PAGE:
Georgia sophomore inside linebacker Nakobe Dean is starting to blossom into his role nicely as one of the young leaders of Georgia’s defense.
Through four games this season, Dean is ranked No. 3 on the team with 20 total stops. In 2019, Dean had 25 tackles in 14 games, and this season he’s already matched his tackles for loss total from a year ago.
The Horn Lake, Miss. native said his growth between freshman and sophomore year has helped him extremely well so far in 2020.
“I feel like I have grown tremendously, not just from a football standpoint but from a personal standpoint—just learning and going throughout life,” Dean said on Wednesday. “I am 19 years old, and I am still trying to figure a lot of stuff out.”
Dean said the pandemic helped him learn a lot about himself.
“Being able to continue to learn, definitely during this pandemic, I have had a lot of time to myself and just learning who I am and everything like that,” he said.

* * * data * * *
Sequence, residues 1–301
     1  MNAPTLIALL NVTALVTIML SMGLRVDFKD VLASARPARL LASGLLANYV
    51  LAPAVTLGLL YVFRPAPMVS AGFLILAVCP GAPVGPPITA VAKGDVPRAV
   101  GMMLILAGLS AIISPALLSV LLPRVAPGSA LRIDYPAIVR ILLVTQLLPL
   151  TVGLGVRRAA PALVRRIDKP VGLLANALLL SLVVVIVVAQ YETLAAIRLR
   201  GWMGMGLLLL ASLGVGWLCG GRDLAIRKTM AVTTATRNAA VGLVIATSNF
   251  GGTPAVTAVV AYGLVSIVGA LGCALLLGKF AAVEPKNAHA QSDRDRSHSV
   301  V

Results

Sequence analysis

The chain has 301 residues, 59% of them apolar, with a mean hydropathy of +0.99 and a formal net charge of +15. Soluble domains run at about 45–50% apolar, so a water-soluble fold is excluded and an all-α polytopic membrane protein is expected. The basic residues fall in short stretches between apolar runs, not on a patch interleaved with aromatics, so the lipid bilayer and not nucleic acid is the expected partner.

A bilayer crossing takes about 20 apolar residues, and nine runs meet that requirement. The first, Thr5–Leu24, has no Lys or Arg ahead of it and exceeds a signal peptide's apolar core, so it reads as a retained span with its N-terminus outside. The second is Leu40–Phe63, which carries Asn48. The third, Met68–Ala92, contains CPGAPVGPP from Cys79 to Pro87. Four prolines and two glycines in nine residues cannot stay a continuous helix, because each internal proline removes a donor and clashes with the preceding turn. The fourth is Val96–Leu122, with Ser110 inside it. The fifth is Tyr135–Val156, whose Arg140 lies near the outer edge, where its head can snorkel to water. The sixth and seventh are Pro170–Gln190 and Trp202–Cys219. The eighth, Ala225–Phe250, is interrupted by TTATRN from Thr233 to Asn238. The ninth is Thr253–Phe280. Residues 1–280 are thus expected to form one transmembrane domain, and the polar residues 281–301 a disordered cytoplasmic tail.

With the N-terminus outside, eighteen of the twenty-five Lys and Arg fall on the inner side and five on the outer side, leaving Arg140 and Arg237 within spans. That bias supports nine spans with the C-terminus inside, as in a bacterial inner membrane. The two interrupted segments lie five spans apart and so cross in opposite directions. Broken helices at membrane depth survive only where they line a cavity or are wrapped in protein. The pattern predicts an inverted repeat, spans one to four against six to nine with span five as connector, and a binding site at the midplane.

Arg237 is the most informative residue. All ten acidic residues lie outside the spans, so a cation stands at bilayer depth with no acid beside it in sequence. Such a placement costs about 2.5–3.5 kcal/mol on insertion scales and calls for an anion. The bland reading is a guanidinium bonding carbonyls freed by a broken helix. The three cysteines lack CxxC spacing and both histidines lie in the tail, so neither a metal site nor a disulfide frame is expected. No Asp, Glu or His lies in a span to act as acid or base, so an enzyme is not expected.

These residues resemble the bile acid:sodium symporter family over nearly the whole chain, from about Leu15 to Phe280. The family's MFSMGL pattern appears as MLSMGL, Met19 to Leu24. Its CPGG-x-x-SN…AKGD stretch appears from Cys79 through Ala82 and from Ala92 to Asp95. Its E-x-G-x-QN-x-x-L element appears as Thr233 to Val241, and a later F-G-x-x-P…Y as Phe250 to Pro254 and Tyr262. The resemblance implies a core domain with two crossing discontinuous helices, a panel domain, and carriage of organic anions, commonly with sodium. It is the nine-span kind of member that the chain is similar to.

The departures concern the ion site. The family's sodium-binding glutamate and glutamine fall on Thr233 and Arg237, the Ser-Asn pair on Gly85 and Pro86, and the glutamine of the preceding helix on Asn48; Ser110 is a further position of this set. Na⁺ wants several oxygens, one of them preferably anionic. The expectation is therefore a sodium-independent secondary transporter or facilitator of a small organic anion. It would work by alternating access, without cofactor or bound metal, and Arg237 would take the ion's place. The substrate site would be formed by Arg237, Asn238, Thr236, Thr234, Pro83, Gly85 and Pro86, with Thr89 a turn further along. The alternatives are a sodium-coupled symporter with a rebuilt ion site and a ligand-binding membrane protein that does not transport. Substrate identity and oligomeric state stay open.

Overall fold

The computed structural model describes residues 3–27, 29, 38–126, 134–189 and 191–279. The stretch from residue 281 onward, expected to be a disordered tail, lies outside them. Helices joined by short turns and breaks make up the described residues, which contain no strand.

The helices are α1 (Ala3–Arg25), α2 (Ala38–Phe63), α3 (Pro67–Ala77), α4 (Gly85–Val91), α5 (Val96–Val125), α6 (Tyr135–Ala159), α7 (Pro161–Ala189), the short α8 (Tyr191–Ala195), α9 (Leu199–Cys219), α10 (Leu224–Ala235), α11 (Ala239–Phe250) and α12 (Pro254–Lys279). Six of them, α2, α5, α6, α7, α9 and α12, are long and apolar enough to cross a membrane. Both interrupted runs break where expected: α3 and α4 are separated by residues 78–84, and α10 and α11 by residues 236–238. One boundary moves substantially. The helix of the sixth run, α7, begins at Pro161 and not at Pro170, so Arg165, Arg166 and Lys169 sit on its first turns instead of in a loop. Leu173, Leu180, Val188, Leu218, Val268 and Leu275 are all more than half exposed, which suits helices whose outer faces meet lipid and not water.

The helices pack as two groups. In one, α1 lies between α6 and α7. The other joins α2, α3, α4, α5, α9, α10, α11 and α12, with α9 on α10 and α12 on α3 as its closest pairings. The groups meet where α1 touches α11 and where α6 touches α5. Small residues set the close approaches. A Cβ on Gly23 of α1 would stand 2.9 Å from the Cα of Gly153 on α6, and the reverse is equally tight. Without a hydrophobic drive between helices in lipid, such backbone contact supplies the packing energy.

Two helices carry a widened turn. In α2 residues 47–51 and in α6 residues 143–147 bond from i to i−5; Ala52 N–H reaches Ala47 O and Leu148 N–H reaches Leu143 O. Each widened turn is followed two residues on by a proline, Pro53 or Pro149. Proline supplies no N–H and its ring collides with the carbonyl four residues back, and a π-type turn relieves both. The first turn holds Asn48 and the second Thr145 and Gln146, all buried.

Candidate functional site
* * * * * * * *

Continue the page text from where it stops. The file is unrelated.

Dean has become a pivotal part of Georgia’s defense this season as he’s been used more than just a situational player. Alongside guys like junior Quay Walker and Monty Rice, the linebackers unit for the Bulldogs has been making a ton of plays in opposing backfields through the first four games.
Dean has been all over the field and has looked similar to former Butkus Award winner and Bulldog Roquan Smith. His speed and versatility show as a play progresses because he’s able to move from one side to the other in a matter of split seconds.
Even though Alabama’s high-powered offense exploited the Bulldogs in a lot of ways, that doesn’t mean the unit needs to change anything, and Dean agrees.
“They just out-executed us,” Dean said. “We just have to come back and look at the things we have to work on and fix them. Because we definitely can compete with them. We just gotta come back this week, fix it and know what we gotta do and work on it.”
He’s earned a lot of credit for the role he played last year in certain situations and packages. Dean, a former five-star product, came into the locker room and split time with lots of players older than him last season. Although he had limited playing time, Dean shined when he got the chance.
Now, the 6-foot, 215-pound second-year is already one of the more vocal leaders in the locker room.
“I feel like I have stepped into a leadership role during the offseason,” Dean said. “It’s not production-based at all, it’s how I can influence the other people on the defense and the team.”